While still under treaty to not produce military arms. Du Pont’s GM and Rockefeller’s Standard Oil of New Jersey collaborated with I.G. Farben, the Nazi chemical cartel, to form Ethyl GmbH. This subsidiary, now called Ethyl Inc., built German factories to give the Nazis leaded gas fuel (synthetic tetraethyl fuel) for their military vehicles (1936-1939). Snell quotes from German records captured during the war:
"The fact that since the beginning of the war we could produce lead-tetraethyl is entirely due to the circumstances that, shortly before, the Americans [Du Pont, GM and Standard Oil] had presented us with the production plants complete with experimental knowledge. Without lead-tetraethyl the present method of warfare would be unthinkable."
Since WWII, du Pont has continued to be an instrument of U.S. government weapons production. Besides supplying plastics, rubber and textiles to military contractors, it invented various new forms of explosives and rocket propellants, manufactured numerous chemical weapons and was instrumental in building the world’s first plutonium production plant for the atomic bomb. It pumped out Agent Orange and Napalm, thus destroying millions of lives, livelihoods and whole ecosystems in Southeast Asia.
With 2,000 brand names, 100,000 employees and annual sales of $25 billion in 1998, du Pont is one of the world’s biggest corporations. It’s 1939 slogan, “Better Things for Better Living…Through Chemistry,” belies a destructive legacy that will last thousands of generations. One of the globe’s worst polluters, it pioneered the creation, marketing and coverup of almost every dangerous chemical toxin ever known. It now faces countless lawsuits for the adverse health and environmental effects of its products, the unsafe working conditions in its factories and the foolhardy, disposal practices it flaunts as final solutions for its waste products. Here is a small sampling of du Pont’s gifts to the planet:
* Sulphur dioxide and lead paint
* CFCs: 25% of the world’s supply and almost 50% of the U.S. market.
* Herbicides and pesticides: brain damage, hormone system disruption.
* Formaldehyde: cancer and respiratory illnesses.
* Dioxins: Leading the way to create these carcinogens, du Pont then suppressed data on their deadly effects.
* Highly-processed, unnutritious products marketed as healthy food.
* Genetically modified foods and “Terminator”/“Killer seeds” threaten food security for 1.4 billion people who depend on farm-saved seeds.
* Patenting plant genes and stealing the Third World’s genetic resources.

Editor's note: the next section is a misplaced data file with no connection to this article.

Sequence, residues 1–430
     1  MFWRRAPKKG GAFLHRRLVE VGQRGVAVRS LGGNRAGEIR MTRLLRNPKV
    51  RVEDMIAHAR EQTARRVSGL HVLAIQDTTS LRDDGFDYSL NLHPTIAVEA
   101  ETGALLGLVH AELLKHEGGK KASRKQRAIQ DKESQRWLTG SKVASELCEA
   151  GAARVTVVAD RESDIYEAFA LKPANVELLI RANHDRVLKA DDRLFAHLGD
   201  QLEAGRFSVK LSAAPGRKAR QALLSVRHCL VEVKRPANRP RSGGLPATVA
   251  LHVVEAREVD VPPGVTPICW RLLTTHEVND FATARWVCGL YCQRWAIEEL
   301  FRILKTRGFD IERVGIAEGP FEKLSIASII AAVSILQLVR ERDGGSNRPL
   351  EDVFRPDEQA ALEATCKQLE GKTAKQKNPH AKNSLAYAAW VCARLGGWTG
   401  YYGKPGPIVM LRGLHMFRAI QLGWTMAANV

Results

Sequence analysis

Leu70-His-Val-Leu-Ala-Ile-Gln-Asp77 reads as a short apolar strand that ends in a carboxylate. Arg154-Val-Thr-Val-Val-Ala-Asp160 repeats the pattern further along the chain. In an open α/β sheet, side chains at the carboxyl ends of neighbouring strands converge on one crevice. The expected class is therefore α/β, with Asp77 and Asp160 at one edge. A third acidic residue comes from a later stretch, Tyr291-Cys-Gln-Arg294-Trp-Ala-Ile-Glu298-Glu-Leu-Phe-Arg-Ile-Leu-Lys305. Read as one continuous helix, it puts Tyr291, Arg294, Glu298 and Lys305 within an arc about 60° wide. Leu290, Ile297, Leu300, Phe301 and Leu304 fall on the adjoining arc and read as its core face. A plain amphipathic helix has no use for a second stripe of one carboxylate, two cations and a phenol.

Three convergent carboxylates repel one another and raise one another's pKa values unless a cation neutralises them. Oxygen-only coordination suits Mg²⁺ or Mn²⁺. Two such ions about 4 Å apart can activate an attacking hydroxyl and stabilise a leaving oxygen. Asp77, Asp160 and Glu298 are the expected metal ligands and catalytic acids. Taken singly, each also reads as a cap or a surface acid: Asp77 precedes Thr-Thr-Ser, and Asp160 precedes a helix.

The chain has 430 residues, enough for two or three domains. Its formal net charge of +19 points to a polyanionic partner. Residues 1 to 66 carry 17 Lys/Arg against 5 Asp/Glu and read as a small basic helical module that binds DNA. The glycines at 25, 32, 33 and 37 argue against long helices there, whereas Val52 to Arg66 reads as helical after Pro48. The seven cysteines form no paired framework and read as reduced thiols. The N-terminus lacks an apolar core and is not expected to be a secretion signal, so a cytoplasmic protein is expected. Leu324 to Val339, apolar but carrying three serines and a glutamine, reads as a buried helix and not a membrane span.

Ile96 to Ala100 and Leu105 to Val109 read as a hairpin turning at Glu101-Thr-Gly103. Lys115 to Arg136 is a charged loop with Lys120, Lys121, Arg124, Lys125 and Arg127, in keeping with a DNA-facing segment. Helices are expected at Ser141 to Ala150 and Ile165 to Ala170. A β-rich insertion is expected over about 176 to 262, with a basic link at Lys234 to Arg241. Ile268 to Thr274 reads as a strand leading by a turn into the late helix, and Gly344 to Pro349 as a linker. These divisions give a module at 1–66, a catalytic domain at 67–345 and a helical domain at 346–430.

* Using U.S. prison labour and factories in many oppressive regimes.
* Its oil subsidiary, Conoco, provided petrochemical raw materials and caused environmental devastation.
* Du Pont is one of the world’s biggest producers of green house gases.
* Sold for 33 years, the fungicide Benlate destroyed crops, shrimp farms and caused birth defects.
* Since the 1920s, du Pont produced leaded gas which is responsible for 80-90% of the world’s environmental lead contamination. Besides fueling Nazi war machines that rolled and flew across Europe killing tens of millions, this product’s legacy includes retarding children’s mental health and causing hypertension in adults. Du Pont’s helped stop the U.S. ban until 1996, and then increased its overseas sales.
In the 1930s, the du Pont and Morgan family empires dominated the American corporate elite and their representatives were central figures in organizing and funding the "American Liberty League". The du Pont family was so complicit in this fascist organization that James Farley, FDR's postmaster general and one of his closest advisors, said the American Liberty League "ought to be called the American Cellophane League" because "first it's a Du Pont product and second, you can see right through it'" (Donald R. McCoy, Coming of Age). Gerard Colby, in his book DuPont Dynasty, outlines the family's pivotal role in creating and funding the League. The Dickstein-McCormack Committee learned that weapons and equipment for the fascist plotters’ Croix de feu-like superarmy “could be obtained from the Remington Arms Co., on credit through the Du Ponts.” Du Pont had acquired control of the arms company in 1932.
Key Financiers, Organizers and Groups linked to the American Liberty League
Association Against the Prohibition Amendment
Thomas L. Chadbourne
Chamber of Commerce
Dr. Samuel H. Church
Robert S. Clark
William L. Clayton
Committee for a Sound Dollar and Sound Currency
The Dupont family
Alfred W. Erickson
Walter E. Frew
Albert W. Hawkes
William R. Hearst
William S. Knudsen
Andrew W. Mellon
Nathan L. Miller
George M. Moffett
Grayson M.-P. Murphy
National Association of Manufacturers
Order of '76
J. Howard Pew
John L. Pratt
Joseph M. Proskauer
John J. Raskob
David A. Reed
Alfred P. Sloan, Jr
Sentinels of the Republic
Southern Committee to Uphold the Constitution
William H. Stayton
James W. Wadsworth, Jr
Ernest T. Weir
Joseph E. Widener
William Woodward Sr
The American Liberty League